Home
  By Author [ A  B  C  D  E  F  G  H  I  J  K  L  M  N  O  P  Q  R  S  T  U  V  W  X  Y  Z |  Other Symbols ]
  By Title [ A  B  C  D  E  F  G  H  I  J  K  L  M  N  O  P  Q  R  S  T  U  V  W  X  Y  Z |  Other Symbols ]
  By Language
all Classics books content using ISYS

Download this book: [ ASCII | HTML | PDF ]

Look for this book on Amazon


We have new books nearly every day.
If you would like a news letter once a week or once a month
fill out this form and we will give you a summary of the books for that week or month by email.

Title: Oahu Traveler's guide
Author: Gleasner, Bill, Gleasner, Diana
Language: English
As this book started as an ASCII text book there are no pictures available.
Copyright Status: Not copyrighted in the United States. If you live elsewhere check the laws of your country before downloading this ebook. See comments about copyright issues at end of book.

*** Start of this Doctrine Publishing Corporation Digital Book "Oahu Traveler's guide" ***

This book is indexed by ISYS Web Indexing system to allow the reader find any word or number within the document.



[Illustration:

                               Hawaii
                         "The loveliest fleet
                           of islands that
                          lies anchored in
                            any ocean."

                                     Mark Twain
]

                              Paradise Park

                             [Illustration]


                         OAHU Traveler's Guide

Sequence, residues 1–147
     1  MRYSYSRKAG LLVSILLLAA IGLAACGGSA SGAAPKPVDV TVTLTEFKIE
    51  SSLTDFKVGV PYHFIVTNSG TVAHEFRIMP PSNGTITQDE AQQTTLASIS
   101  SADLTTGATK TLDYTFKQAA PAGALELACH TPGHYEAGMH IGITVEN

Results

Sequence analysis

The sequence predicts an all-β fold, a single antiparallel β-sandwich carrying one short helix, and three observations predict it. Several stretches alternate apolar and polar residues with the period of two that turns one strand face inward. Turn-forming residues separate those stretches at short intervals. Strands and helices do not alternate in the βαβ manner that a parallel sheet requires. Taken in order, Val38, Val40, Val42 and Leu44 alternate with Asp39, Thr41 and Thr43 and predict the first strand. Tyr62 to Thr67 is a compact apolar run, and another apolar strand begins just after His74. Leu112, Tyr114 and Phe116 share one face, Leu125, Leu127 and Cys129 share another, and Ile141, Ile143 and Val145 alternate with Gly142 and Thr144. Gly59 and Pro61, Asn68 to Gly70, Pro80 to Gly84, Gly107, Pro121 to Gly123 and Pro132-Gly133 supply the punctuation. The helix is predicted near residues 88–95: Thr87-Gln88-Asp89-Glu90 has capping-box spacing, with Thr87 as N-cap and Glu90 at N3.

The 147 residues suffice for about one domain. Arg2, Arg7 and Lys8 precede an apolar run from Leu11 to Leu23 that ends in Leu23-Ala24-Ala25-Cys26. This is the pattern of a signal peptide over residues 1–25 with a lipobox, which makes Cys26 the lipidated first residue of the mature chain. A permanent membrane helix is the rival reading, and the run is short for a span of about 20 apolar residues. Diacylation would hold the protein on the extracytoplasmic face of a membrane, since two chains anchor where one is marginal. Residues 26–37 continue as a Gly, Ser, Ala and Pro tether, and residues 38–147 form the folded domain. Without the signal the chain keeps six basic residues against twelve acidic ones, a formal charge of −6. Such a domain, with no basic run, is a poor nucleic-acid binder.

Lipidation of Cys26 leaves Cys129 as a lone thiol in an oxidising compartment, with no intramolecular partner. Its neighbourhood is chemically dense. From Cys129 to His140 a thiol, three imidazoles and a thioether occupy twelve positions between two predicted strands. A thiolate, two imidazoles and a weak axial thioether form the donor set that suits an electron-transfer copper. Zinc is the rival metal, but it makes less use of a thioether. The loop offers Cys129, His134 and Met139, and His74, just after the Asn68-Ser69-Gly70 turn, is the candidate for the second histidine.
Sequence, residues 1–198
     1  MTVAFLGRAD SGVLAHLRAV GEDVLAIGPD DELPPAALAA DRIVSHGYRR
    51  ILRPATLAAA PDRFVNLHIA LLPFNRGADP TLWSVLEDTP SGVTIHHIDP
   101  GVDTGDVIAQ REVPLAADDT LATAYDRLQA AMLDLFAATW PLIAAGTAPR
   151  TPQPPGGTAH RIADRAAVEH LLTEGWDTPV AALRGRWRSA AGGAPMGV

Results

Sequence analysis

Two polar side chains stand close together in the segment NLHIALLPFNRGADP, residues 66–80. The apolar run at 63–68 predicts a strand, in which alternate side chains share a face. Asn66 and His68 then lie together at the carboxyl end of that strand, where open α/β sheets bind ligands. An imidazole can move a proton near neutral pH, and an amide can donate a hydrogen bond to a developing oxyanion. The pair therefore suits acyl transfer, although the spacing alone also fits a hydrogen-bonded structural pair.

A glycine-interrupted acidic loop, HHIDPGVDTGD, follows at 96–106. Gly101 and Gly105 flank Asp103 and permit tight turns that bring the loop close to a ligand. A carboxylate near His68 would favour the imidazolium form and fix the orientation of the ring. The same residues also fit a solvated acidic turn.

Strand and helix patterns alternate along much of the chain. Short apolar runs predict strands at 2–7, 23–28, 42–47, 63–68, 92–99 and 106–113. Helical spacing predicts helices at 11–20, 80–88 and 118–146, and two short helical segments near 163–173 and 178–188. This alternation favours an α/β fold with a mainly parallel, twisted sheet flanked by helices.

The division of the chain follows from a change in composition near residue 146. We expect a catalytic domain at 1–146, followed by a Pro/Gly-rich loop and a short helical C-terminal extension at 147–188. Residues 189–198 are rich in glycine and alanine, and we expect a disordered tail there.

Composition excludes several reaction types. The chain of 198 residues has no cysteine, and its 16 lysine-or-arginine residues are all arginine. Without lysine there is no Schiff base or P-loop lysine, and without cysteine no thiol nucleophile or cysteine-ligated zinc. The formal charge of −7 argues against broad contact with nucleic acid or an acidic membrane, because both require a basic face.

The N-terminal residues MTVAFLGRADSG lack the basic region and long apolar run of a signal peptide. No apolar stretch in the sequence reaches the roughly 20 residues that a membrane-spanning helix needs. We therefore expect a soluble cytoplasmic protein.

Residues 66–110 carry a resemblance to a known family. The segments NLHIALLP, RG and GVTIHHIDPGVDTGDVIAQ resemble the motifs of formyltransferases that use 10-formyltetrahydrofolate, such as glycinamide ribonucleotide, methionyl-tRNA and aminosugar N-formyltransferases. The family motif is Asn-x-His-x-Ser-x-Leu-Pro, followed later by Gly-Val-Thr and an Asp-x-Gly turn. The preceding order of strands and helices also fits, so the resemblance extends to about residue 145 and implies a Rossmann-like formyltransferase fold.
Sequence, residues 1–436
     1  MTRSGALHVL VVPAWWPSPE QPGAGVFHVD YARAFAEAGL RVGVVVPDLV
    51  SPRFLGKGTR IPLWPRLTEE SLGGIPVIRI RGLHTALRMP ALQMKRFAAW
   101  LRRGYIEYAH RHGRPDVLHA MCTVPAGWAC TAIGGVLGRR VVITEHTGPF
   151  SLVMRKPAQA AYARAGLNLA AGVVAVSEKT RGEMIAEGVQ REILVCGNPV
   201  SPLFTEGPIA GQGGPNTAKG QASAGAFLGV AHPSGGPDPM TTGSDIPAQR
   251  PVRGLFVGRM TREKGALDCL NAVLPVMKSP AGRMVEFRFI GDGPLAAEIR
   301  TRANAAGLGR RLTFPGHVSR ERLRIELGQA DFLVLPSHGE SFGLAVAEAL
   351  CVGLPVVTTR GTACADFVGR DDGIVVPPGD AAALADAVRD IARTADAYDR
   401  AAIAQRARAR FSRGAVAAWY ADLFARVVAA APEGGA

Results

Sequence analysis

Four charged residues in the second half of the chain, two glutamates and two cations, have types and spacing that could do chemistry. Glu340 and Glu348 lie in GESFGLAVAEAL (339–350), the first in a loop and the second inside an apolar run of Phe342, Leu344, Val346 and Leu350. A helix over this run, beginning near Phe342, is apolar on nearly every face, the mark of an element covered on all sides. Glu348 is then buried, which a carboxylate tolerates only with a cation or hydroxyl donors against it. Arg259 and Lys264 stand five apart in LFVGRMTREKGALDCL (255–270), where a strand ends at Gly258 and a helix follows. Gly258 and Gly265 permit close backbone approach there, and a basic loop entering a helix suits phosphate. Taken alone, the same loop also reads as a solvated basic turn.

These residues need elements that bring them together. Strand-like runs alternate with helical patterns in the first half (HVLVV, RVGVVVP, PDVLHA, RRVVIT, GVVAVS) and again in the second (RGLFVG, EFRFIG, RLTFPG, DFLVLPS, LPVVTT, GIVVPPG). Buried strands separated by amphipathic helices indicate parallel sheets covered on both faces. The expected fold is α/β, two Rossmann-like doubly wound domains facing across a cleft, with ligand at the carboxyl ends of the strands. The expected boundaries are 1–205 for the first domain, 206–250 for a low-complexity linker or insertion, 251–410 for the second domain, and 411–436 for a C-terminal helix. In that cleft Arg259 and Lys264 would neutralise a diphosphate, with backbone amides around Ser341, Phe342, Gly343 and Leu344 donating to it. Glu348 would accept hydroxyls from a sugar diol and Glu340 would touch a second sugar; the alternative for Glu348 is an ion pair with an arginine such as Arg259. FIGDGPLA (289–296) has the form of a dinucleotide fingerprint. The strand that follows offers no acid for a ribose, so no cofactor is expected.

Bill and Diana Gleasner



                           TABLE OF CONTENTS


     4. The Bus

     6. Hawaiian Words and Phrases

     8. Honolulu Highlights

    16. Waikiki

    22. Oahu's East End (Koko Head, Sea Life Park)

    25. Oahu's Windward Coast (Nuuanu Pali Lookout, Polynesian Cultural
        Center)

    30. Oahu's North Shore (Sunset Beach, Waimea Falls Park)

    31. Central Oahu (Schofield Barracks, Wahiawa)

    32. Beachcombing

    33. Hawaiian Fruits

    34. Hawaiian Flowers

    39. Surfing

    40. Swimming Beaches

    41. Body Surfing and Snorkeling Beaches

    42. Glass Float Beachcombing

    43. Fishing

    44. Fun for Kids

    47. Tennis

    48. Golf

    49. Camping

    50. Hiking

    51. Weather

    52. Oahu's Past

    53. Sugar and Pineapple

    54. Pineapple

    56. Map of Oahu

    58. Detail Map of Waikiki

    60. Detail Map of Honolulu

    62. Detail Maps of Oahu's North Shore and East End

    63. Detail Map of Windward Oahu

    64. Detail Map of Oahu's Waianae Coast

    65. Detail Map of Central Oahu


                        The Oriental Publishing Company
                          P. O. Box 22162
                          Honolulu, Hawaii 96822


        Printed by China Color Printing Co., Inc.
        6th Fl., No. 60, Po Ai Road
        Taipei, Taiwan, R.O.C.


                     [Illustration: Paradise Park]